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This service operates out of The LuEsther T. Mertz Library where the staff relies heavily on the Library’s collections and uses their field knowledge and experience to research and formulate their answers. Questions about outdoor and indoor plant culture, selection, identification, sourcing and maintenance are addressed. The service provides valuable information on cultural requirements such as planting, fertilizing, pruning and propagation as well as assistance with landscape design inquiries.
Basil: Knowing and Growing
The botanical name for basil is Ocimum basilicum. The genus Ocimum comes from the Greek word Okimon, meaning smell, and the species, basilicum, is the Latin translation of the Greek word basilicon, meaning kingly herb.
Basil is an aromatic herb used fresh or dried. It has been used for more than 2,000 years throughout many lands and is native to Africa, Asia, the Middle East, the Caribbean and South America. Ocimum, of the mint family Lamiaceae, is identified by its square stems and opposite leaves. Some of the plants in this family include the herbs thyme, oregano, rosemary, lavender and mint. Today, cultivated "sweet basil" is used to enhance the flavor of many foods and beverages. The taste and scent of basil can be of mint, cinnamon, anise, vanilla and clove. Floral notes of basil vary from hyacinth to citrus.
Sweet basil is identified by leaf edges that cup slightly and form a pointed end. The leaves are glossy, long and almond-shaped. Basil has many compounds, but three, linalool, methyl chavicol and eugenol, stand out as primary contributors to its signature aromas. Linalool is a significant part of the aroma of lavender plants. Methyl chavicol gives some sweet basils a hint of anise flavor and eugenol gives a clove-like aroma.
Early explorers found that basil was considered sacred and possessed supposed supernatural powers. Holy basil (O. sanctum) is one such herb used in the Hindu religion. The Spanish, French, Portuguese and English colonists brought basil to the New World. It was brought to the Massachusetts Bay Colony in about 1621. There are 35 basil species and cultivated varieties are numerous.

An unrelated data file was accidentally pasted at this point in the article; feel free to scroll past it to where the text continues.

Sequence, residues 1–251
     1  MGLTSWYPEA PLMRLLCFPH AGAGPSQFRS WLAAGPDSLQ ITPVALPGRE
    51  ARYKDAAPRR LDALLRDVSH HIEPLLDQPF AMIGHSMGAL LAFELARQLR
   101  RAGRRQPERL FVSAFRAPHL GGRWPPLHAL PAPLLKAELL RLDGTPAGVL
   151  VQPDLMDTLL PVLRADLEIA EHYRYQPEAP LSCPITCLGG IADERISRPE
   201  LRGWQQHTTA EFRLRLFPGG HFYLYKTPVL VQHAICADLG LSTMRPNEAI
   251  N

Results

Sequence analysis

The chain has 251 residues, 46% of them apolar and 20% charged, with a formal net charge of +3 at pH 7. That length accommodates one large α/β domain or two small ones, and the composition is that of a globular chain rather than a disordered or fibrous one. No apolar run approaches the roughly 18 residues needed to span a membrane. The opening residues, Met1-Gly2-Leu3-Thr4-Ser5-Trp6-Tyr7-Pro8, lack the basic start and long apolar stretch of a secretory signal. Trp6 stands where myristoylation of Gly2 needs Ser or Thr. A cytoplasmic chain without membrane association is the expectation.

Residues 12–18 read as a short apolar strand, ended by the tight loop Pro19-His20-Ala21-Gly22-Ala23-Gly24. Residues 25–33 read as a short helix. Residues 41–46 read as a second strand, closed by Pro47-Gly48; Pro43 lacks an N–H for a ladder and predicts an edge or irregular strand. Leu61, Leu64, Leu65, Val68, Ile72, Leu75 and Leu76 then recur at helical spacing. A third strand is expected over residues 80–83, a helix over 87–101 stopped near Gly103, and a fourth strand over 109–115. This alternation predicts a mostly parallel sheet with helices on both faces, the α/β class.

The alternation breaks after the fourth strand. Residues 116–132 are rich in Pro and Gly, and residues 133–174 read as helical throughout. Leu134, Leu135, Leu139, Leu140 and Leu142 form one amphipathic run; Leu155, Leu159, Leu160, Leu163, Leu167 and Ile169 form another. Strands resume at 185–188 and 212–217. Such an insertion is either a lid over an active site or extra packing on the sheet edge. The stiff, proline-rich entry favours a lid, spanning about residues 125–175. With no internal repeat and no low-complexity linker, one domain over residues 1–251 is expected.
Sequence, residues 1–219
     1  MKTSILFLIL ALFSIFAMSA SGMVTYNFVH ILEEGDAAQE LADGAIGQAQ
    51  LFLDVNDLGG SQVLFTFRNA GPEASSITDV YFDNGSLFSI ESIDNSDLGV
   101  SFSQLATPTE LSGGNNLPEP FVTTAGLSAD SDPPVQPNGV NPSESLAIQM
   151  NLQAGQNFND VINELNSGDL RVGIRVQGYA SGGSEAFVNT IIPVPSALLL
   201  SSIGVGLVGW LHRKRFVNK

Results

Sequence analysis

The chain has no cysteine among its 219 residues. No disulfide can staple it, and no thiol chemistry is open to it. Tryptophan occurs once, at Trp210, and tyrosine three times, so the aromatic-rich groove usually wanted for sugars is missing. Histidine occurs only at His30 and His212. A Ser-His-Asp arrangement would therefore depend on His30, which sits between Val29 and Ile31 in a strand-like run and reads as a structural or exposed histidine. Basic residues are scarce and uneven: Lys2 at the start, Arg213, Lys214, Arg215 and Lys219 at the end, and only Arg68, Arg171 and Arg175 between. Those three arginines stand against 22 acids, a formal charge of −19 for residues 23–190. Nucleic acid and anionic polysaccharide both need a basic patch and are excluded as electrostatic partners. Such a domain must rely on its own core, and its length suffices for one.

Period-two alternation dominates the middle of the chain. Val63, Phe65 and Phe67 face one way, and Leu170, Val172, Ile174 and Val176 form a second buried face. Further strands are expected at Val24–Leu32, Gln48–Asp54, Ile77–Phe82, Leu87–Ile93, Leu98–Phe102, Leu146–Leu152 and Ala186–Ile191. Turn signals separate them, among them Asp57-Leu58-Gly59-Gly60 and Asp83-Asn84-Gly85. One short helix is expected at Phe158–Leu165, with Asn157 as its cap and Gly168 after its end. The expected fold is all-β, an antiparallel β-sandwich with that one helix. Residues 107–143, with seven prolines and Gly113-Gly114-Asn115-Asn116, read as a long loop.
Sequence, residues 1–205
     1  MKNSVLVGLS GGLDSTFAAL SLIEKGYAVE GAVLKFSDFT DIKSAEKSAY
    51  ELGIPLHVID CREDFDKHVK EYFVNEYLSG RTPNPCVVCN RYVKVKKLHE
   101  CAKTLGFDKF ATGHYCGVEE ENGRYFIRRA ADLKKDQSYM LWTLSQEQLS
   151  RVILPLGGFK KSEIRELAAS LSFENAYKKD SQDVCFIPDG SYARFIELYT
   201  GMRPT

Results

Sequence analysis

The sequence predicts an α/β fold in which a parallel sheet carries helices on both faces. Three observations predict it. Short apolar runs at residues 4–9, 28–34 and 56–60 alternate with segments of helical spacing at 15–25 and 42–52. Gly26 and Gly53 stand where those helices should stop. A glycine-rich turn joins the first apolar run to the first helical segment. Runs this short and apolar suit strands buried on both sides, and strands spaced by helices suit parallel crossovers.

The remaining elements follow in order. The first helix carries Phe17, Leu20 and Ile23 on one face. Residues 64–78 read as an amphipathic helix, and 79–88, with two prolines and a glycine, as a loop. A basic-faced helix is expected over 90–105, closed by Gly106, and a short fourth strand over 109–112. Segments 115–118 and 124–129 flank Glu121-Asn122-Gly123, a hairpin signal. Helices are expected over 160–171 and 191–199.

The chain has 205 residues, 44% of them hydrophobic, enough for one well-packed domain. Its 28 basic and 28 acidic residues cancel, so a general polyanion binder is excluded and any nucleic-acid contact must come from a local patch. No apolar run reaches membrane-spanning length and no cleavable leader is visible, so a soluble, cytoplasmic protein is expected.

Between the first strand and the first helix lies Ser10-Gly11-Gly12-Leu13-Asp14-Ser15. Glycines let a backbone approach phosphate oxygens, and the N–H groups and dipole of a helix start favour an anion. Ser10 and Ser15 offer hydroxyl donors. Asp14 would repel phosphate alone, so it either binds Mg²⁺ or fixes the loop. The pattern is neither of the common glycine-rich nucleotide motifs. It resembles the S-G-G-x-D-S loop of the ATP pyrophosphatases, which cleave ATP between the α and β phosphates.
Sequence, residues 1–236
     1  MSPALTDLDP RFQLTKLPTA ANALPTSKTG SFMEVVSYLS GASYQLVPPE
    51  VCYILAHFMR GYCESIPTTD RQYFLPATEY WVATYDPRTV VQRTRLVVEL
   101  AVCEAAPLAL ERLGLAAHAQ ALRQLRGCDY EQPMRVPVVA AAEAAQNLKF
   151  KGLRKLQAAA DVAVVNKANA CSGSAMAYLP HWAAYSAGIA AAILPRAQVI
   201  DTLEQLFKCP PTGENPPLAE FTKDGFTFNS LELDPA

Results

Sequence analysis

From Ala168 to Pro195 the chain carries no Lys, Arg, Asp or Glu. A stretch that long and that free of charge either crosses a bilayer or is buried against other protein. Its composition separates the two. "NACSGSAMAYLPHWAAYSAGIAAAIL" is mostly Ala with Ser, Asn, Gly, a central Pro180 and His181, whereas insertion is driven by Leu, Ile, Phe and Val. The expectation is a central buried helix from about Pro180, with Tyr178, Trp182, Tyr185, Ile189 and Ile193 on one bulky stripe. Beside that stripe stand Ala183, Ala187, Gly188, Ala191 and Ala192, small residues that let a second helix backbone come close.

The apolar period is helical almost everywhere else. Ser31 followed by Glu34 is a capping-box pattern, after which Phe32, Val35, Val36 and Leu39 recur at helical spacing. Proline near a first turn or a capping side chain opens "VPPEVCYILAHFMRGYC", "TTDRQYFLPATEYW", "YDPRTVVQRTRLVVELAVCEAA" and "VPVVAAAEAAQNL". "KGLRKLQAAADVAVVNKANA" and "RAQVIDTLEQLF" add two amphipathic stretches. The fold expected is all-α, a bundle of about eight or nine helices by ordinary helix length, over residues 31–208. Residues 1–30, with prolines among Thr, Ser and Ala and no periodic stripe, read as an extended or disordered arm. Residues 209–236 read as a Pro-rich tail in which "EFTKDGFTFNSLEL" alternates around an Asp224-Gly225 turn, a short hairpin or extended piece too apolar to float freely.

Ocimum basilicum 'Genovese Verde Migliorato' or 'Genovese' is reproduced from seed. Genoa basil is a favorite for pesto in America and Italy. Germination takes 3 days at 70°F; transplant 12 days after sowing; it is ready to transplant to the garden 26 days after sowing. First flowers appear 56 days after sowing and the plant will be approximately 26" high x 14" wide.
Ocimum americanum 'Genoa Profumatissima' is a popular basil in Italian cuisine. It is similar in appearance to Genoa basil but has some flavor variation. Germinate its seed as you would for 'Genovese'. The aroma has a balance of licorice, citrus zest, cinnamon, spice and mint.
Ocimum basilicum minimum, bush basil, is bushy and upright with tiny aromatic leaves. It grows well in containers and makes some of the best pesto, so is popular with chefs.
Tips When Using Basil Fresh or Dried
When cooking with dried basil, crush it with your fingers or in the palm of your hand. Crush fresh basil leaves carefully with coarse kitchen salt and a whole clove of garlic as an option. If dried leaves lose their flavor, restore them by warming again in the oven on a cookie sheet set at the lowest temperature for a few minutes or until fragrant.
Scented basils (Ocimum basilicum odoratum) include lemon basil, cinnamon basil and licorice or anise basil. Try cinnamon basil with jellies, custards, fruit salads or meat marinades. Anise basil imparts a sweet fennel-like flavor to Asian or Italian cuisine and adds good flavor to poached pears and melon. Lemon-flavored basil adds a mild citrus flavor to stir-fry vegetables. Scented basil varieties can be used for sachets or dried wreath arrangements.